Posts Tagged ‘toilet training’

When Your Toddler has Outgrown Cloth Diapers but isn’t Ready to Pottytrain

Tuesday, June 21st, 2016

potty training cloth diapersI have two boys. Both of them were very large from birth, both were cloth diapered, but one of them was ready to toilet train fairly early, and the other’s arm had to be twisted to start using the toilet at a later date.

My reluctant potty user had grown out of most of his cloth diapers before he could use the toilet. I wasn’t very keen on purchasing disposables, so I had to do some research. I didn’t want to have to buy a bunch of stuff just for him to toilet train, either. Here were the options I found:

  1. Suck it up and buy disposables. If your kiddo is older or quite large for her age, you may have a hard time even here. Diapers meant for overnight use often have a larger size range, but they also tend to be pretty expensive.
  2. Purchase cloth trainers. Trainers can come in larger sizes and some systems have side extenders, but they aren’t typically designed to hold much volume. If your child is not ready to use the toilet, these won’t be the best option.
  3. Buy sized cloth diapers. My son’s overnight fitted diapers fit until the end because they were sized. Many covers also come in sizes (vs. one size covers), both in PUL and in wool. If you’ve been using cloth for any amount of time, you are probably aware of which brands tend to run smaller or larger by now as well.

What did I end up doing? Well, besides the overnight fitted diapers I mentioned before, we ended up going back to our old premium sized prefolds (these come in toddlers sizes now as well I hear) or sized terry flats underneath either PUL or wool covers. The only thing I needed to buy was the larger PUL covers, so it was a fairly inexpensive outlay. If it’s been a while since your kid has used prefolds, you may be a bit surprised at how much more they are peeing, even during the day. If the prefolds aren’t quite enough anymore, you can add an insert inside the fold (you can use a flat, a specially designed insert, and even the inserts to pocket diapers). If your kid is super sensitive-to-wetness, you can cut up fleece or purchase stay dry liners to put on top up against his skin.

Meaghan Howard is a stay-at-home mom to two little boys who have both been using the potty for some time now. These days, the toileting issues seem to deal more with aim than anything else.

Our (modified) use of Elimination Communication

Monday, February 6th, 2012

Abraham at 15 months old

Okay fair warning here: poop (and variations of the word) will be mentioned frequently in this post. Okay now that we got that covered, let’s discuss Elimination Communication (EC).

What is Elimination Communication? It is”toilet training practice in which a caregiver uses timing, signals, cues, and intuition to address an infant’s need to eliminate waste” (Wikipedia, 2011). I first heard about it while visiting with a friend who’s baby was close in age to my then 5 month old son. She mentioned how much she liked using cloth diapers in conjunction with practicing Elimination Communication. When she explained to me what it was, I admit I thought it sounded kind of strange, but I was also intrigued. Later that day as I was driving home I thought more about it. I realized that for the most part I knew when my son was pooping. Normally I would just wait until he finished and then change his diaper.  I thought to myself, ‘gee why not try holding him over the toilet and just let him poop in there?” I mean, isn’t that were I would prefer for poop to be? The more I thought about it, the stranger my current approached seemed to me. Why did I wait for him to finish his ‘business’ in his diaper, then dunk his dirty diaper in the toilet to clean it off, when in fact it might be possible just to ‘catch’ the poop in the toilet in the first place?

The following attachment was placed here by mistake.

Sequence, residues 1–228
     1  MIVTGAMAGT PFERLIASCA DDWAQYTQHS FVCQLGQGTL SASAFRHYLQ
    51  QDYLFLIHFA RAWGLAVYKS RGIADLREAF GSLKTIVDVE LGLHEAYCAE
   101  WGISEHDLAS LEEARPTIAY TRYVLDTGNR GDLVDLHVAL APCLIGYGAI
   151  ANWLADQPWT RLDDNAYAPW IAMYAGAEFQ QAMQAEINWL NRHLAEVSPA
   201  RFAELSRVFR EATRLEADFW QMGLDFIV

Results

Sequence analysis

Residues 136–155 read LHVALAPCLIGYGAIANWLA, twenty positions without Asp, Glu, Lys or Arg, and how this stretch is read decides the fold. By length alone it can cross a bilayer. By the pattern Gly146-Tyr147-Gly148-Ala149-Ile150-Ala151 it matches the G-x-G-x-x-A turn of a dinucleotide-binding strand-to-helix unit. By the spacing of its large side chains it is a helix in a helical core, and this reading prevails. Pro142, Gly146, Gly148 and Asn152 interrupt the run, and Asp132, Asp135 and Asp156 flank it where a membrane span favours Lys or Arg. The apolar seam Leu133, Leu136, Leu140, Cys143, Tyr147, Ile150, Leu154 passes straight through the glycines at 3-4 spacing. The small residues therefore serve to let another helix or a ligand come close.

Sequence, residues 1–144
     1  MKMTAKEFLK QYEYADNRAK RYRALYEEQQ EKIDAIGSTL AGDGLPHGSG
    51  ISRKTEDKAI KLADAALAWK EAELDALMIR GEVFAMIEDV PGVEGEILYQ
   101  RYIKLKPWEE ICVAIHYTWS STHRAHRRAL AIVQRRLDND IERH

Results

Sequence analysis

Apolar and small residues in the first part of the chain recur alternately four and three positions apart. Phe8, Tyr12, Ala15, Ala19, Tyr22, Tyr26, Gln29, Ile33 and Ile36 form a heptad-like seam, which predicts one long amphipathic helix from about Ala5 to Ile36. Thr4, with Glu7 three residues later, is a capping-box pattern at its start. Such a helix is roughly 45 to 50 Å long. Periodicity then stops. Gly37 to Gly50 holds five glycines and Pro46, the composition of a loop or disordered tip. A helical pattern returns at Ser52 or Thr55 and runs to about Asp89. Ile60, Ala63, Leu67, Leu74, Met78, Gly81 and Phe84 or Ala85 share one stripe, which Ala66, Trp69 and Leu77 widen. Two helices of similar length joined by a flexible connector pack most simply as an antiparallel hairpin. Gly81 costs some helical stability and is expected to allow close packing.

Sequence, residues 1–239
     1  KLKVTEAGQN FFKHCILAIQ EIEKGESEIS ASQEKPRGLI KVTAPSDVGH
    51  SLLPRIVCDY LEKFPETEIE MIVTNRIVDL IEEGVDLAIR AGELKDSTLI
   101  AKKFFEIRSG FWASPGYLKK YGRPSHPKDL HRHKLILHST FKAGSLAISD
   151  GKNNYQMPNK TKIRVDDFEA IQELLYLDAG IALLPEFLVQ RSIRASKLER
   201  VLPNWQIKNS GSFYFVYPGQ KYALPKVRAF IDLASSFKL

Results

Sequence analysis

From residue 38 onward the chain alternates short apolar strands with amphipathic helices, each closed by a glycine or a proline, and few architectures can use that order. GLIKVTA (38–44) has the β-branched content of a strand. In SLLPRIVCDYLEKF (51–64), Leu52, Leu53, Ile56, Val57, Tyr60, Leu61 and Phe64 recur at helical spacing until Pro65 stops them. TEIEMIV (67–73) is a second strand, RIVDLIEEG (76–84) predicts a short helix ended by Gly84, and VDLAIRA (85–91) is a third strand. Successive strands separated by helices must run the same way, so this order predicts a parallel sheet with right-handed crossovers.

So the next day I decided to try it….and much to my delight, my five month old actually pooped in the toilet! Mmm, this could make diapering much easier! So from five months on, anytime I thought my son was going to poop, I would rush to the bathroom, take off his diaper and hold him over the toilet. Once he was big enough to actually sit on the potty, I would sit him on it instead. In just a few short weeks it seemed he was pooping almost exclusively in the potty.

Okay, trust me…I know how crazy I sound saying my 6 month old was potty trained. Truthfully he wasn’t ‘potty trained’. Not in the traditional sense of the word. Rather I was more attune to his elimination needs/cues and responding immediately by bringing him to the bathroom. What made this a relatively easy process with my second son was that his cues were super easy to read and he tended to poop around the same time most days. Shortly after his first birthday he began telling us when he had to poop by saying ‘poo-poo’.

There are more extensive means of practicing Elimination Communication that include responding to your baby’s urination needs as well. Since those are typically more subtle cues, it takes a greater attentiveness. I will be honest that I personally didn’t have as much incentive to hold my son over the potty to urinate since wet cloth diapers are really no big deal to change or wash. I actually don’t mind wet diapers at all…it was dunking messy diapers that convinced me to give Elimination Communication a try.  And I am glad I did because Elimination Communication and cloth diapers certainly are a dynamic duo!

Did you/do you practice Elimination Communication with your baby? If so, we would love to hear your experience with it!